Surprisingly, Golden State's defense has keyed this turnaround. The Warriors, fourth-worst in opponents' scoring at 105.6 points, have limited teams to fewer than 100 points in five of their past six wins.

"It's all been about effort," Golden State's David Lee said.

Although the Warriors are playing much better, most of that success has come at home. They've dropped three straight road games and are 6-18 away from Oracle Arena.

At Salt Lake City in December, Ellis had another subpar performance, finishing with 16 points - 9.2 less than his team-leading average.

Williams led all scorers with 30 points in that game, while C.J. Miles added 20 on 9 of 14 shooting. Miles didn't fare nearly as well in the two losses to Golden State, however, totaling 19 points on 6 of 24 from the field.

Reliable on the mound, Melancon seeks thrills off of it


Reliable on the mound, Melancon seeks thrills off of it

SAN FRANCISCO — At his introductory press conference Friday, new Giant Mark Melancon was asked about the fearlessness it takes to be a big league closer. He looked down at the first row of seats, where his wife Mary Catherine was sitting in a brand new No. 41 jersey, smiling. 

“You should probably ask my wife that,” Melancon joked.

When the Melancons got married, Mary Catherine had a calligrapher write up an actual bucket list of things the two could do together and presented it to Mark as a wedding gift. 

“It’s framed and it’s in our bathroom,” Mark said during an interview with CSN Bay Area on Friday. “It’s literally in our bathroom and we look at it all the time and try to plan out what we’re going to get done. Because it is on paper and it’s a goal and all that, we’ve checked off probably 40 or 50 percent of it in six years.”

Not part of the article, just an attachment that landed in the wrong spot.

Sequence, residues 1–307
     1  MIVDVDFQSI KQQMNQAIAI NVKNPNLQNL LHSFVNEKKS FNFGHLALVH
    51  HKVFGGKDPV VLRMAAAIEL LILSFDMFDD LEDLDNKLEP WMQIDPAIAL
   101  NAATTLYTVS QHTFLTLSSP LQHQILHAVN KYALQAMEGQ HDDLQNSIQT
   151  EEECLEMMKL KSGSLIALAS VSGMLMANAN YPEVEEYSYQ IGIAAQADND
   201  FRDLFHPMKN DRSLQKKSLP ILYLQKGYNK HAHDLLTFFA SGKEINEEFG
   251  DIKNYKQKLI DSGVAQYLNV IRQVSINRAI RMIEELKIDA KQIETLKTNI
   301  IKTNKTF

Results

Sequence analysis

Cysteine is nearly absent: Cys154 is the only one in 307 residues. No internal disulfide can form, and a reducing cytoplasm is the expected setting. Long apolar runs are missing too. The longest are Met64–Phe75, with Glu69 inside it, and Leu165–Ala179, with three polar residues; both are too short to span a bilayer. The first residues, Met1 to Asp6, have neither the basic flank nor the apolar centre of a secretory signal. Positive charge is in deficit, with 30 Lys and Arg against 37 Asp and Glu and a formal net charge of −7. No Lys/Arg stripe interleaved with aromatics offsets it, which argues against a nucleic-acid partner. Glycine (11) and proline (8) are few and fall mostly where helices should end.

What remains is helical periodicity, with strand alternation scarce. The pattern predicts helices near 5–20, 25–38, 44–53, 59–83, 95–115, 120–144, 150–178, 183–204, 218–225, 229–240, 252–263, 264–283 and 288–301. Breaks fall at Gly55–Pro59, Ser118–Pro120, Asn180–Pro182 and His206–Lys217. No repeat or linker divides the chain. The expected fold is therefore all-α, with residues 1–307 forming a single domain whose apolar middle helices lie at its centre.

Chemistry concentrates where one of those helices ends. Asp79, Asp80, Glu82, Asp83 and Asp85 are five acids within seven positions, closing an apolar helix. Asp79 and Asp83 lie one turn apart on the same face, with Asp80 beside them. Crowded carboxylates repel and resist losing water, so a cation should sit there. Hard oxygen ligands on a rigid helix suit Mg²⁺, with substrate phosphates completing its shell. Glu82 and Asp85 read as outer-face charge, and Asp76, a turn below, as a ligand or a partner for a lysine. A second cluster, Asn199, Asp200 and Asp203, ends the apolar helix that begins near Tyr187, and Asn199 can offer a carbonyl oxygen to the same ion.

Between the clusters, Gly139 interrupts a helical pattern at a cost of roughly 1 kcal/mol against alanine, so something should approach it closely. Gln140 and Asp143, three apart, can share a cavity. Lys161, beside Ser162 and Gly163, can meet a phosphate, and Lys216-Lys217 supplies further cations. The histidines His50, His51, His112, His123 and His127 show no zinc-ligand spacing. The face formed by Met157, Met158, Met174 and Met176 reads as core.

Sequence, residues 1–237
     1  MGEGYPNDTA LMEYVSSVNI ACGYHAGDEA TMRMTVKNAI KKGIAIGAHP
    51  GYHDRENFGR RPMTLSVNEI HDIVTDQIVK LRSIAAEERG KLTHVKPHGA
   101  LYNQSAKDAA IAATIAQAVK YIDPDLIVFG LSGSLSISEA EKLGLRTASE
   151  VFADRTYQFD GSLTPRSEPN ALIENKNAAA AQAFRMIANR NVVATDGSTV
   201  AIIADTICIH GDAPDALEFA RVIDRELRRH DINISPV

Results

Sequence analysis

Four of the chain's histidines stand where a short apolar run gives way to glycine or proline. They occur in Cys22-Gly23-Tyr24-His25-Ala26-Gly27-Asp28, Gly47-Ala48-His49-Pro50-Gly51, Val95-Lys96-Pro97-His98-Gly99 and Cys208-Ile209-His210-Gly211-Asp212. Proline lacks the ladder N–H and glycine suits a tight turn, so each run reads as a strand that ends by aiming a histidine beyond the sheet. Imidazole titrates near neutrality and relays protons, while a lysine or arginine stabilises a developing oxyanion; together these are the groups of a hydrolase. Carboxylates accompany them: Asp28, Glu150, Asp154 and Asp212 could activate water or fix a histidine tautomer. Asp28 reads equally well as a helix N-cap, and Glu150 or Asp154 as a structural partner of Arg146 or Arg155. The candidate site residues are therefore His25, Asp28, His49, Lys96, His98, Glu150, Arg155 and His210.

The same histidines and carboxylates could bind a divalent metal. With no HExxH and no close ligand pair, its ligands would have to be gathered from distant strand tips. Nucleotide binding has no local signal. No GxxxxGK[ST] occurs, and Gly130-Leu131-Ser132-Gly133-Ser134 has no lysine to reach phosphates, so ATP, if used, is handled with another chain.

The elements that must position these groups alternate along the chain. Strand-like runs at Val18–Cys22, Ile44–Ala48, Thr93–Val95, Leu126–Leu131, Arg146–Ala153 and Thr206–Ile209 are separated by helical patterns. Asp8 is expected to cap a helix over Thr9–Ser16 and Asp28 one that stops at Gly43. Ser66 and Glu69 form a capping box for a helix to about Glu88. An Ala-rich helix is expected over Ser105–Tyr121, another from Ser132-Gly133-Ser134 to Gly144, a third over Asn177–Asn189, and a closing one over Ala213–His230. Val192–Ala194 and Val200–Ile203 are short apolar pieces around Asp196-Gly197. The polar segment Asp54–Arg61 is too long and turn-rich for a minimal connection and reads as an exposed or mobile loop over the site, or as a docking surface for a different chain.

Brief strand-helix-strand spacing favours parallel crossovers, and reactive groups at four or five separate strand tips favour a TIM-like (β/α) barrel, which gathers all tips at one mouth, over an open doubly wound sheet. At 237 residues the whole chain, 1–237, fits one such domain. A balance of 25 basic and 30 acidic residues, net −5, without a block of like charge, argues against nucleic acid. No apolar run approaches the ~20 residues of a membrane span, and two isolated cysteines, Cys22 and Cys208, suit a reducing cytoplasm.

The check marks include biking down the world’s “most dangerous road” in Bolivia and diving with great white sharks near New Zealand. The Melancons have visited Dubai and gone on a safari and stayed in countless cities off the beaten path. They have gone underwater with manta rays and high in the air in a blimp. Some of the items are simple ones, like attending a Nascar race. 

“There are a few items we’ll have to wait for until after baseball,” Melancon said. “We try to keep it safe of course, but it’s just a lot of fun. It’s a way to kind of bring creativity and allow ourselves to do things you could easily say no to.”

The standard MLB contract prohibits quite a few “dangerous” activities, and with a four-year, $62 million deal that is currently the second-biggest ever for a reliever, Melancon will hold off on certain trips, like skiing the Swiss Alps. “Attend the Kentucky Derby” is on the bucket list, but because the Derby is in May, that one is saved for retirement. In his first year with the Giants, Melancon hopes to put a check mark next to “sit backstage at a concert.”